By: Matt Foree
In the Campbell-Ewald Co. v. Gomez case, the Supreme Court held that an unaccepted settlement offer or offer of judgment does not moot a plaintiff’s case, such that the District Court retained jurisdiction to adjudicate the plaintiff Gomez’s complaint after he did not accept a settlement offer and offer of judgment in satisfaction of his Telephone Consumer Protection Act claims. The six-to-three decision was delivered by Justice Ginsburg with Justices Kennedy, Breyer, Sotomayor and Kagan joining in the opinion of the Court. Justice Thomas filed an opinion concurring in the judgment. Chief Justice Roberts filed a dissenting opinion in which Justices Scalia and Alito joined. Justice Alito filed a separate dissenting opinion.
In its opinion, the Court determined that, under its Article III case law, a case becomes moot only when it is impossible to grant any effectual relief to the prevailing party. The Court ultimately adopted Justice Kagan’s analysis in her dissent in the Genesis Healthcare case, noting that every Court of Appeals ruling on the issue since Genesis also ruled that way. In that dissent, Justice Kagan asserted that an unaccepted settlement offer, like any unaccepted contract offer, is a legal remedy with no operative effect. She stated that nothing in Rule 68 alters that basic principle and noted that the Rule specifies that an unaccepted offer is considered withdrawn. In sum, the Court held that, under basic principles of contract law, defendant Campbell-Ewald Co.’s (“Campbell”) settlement bid and offer of judgment, once rejected, had no continuing efficacy. So, without Gomez’s acceptance, the settlement offer remained only a nonbinding proposal such that the District Court retained jurisdiction to adjudicate Gomez’s complaint.
Chief Justice Roberts’s dissent echoed his tough questioning during oral argument. He states that Campbell offered to pay Gomez the maximum amount that he could recover under the TCPA, but it turns out that Gomez wants more: “he wants a federal court to say he is right.” The Chief Justice continued by stating that “[t]he problem for Gomez is that federal courts exist to resolve real disputes, not to rule on a plaintiff’s entitlement to relief already there for the taking.” He concludes that if there is no actual case or controversy, the lawsuit is moot and the power of the federal court to declare the law has come to an end.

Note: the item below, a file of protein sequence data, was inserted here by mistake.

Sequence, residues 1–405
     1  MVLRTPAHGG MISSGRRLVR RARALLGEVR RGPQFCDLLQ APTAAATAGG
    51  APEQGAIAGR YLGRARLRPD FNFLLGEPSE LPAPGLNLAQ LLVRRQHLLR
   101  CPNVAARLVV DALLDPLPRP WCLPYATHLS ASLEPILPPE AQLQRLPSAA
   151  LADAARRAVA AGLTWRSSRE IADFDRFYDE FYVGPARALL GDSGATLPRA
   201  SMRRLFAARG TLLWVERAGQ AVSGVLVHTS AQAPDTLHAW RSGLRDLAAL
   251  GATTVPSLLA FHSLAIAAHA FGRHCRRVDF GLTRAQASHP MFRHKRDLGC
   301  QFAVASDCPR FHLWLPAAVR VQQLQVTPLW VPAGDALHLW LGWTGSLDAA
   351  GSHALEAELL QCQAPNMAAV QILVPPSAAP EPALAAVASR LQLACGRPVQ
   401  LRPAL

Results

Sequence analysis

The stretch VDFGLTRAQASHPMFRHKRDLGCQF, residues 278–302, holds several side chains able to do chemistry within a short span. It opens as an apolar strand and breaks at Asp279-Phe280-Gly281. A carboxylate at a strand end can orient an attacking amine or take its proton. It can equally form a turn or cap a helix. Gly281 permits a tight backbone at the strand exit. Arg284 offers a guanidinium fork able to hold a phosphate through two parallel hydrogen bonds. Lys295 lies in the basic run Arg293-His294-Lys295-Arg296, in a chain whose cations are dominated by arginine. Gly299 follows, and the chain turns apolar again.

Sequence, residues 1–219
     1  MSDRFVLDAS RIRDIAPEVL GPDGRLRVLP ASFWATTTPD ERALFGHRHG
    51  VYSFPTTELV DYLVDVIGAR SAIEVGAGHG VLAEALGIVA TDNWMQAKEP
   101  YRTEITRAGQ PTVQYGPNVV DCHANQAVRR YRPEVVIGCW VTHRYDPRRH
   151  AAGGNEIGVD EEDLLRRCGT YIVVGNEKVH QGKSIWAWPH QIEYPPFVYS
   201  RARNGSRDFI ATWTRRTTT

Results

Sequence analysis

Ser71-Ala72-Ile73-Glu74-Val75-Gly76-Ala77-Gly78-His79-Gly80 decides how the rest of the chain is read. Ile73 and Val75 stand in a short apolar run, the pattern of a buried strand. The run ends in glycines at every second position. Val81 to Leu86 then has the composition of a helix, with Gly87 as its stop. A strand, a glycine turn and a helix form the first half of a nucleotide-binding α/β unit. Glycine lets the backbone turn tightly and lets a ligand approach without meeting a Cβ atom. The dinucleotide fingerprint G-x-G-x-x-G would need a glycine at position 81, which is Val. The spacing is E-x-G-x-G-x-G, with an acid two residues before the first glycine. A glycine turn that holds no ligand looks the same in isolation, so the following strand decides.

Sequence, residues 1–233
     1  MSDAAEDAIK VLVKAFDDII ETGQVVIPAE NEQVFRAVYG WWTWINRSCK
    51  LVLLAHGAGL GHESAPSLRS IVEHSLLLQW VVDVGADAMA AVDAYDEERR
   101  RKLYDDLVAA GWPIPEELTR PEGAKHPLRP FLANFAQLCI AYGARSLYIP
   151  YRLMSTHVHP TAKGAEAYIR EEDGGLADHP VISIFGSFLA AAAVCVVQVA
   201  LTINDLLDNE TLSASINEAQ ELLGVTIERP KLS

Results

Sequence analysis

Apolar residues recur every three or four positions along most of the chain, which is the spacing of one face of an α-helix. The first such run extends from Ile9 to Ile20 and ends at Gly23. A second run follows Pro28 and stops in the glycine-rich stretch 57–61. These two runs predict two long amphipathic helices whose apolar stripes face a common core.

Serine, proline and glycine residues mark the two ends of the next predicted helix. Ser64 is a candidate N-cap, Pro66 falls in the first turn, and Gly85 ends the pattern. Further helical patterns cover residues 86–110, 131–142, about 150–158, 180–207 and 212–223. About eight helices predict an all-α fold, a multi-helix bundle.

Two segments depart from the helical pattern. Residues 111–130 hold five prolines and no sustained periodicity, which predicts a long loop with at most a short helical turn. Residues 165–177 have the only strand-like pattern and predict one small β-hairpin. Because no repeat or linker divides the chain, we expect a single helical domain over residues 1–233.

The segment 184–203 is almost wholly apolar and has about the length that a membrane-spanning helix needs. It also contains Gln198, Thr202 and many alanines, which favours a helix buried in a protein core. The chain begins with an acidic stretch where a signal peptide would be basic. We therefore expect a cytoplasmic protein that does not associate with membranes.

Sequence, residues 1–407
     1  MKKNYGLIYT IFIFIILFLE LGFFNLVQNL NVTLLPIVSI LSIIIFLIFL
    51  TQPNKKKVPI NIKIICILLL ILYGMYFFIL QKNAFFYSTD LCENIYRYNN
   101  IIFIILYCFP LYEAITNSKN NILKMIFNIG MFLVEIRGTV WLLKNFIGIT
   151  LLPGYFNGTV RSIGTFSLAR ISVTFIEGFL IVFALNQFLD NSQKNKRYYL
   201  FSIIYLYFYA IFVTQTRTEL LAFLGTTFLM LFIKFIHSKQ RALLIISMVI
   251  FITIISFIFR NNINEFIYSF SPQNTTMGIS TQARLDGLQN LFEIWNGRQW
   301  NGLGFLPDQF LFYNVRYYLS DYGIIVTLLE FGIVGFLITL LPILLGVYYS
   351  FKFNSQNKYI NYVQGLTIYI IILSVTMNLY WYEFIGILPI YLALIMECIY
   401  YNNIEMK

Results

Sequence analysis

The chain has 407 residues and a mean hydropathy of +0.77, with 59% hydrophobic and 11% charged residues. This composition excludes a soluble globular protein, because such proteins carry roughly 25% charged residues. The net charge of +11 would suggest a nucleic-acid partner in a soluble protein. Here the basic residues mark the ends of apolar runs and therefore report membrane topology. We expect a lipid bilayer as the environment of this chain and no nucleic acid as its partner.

Chief Justice Roberts specifically took issue with the majority’s placing responsibility of whether a case is moot in the hands of the plaintiff. He states that a plaintiff is not the judge as to whether or not federal litigation is necessary. He observed that, although Gomez was offered full relief as the District Court found, Gomez nevertheless wants to continue litigating. But the issue, he states, is “not what the plaintiff wants, but what the federal courts may do.” He continues, stating, “It is up to the courts to decide whether each party continues to have the requisite personal stake in the lawsuit, and if not, to dismiss the case as moot.” He argues that the Court “takes that important responsibility away from the federal courts and hands it to the plaintiff.”
The majority opinion specifically notes that it does not decide “whether the result would be different if a defendant deposits the full amount of the plaintiff’s individual claim in an account payable to the plaintiff, and the court then enters judgment for the plaintiff in that amount,” as this question is reserved for another time. Chief Justice Roberts considers this good news, as the majority’s analysis may have come out differently if Campbell had deposited the funds that it offered to Gomez with the District Court.
As reported previously, TCPA defense attorneys anxiously awaited the Court’s decision in this matter in hopes that it would provide an additional defense to TCPA claims. It remains to be seen whether TCPA defendants will take the Court’s cue and deposit funds in accounts as part of settlement offers and whether such action will actually result in a different result. Until then, defenses to TCPA claims remain very limited.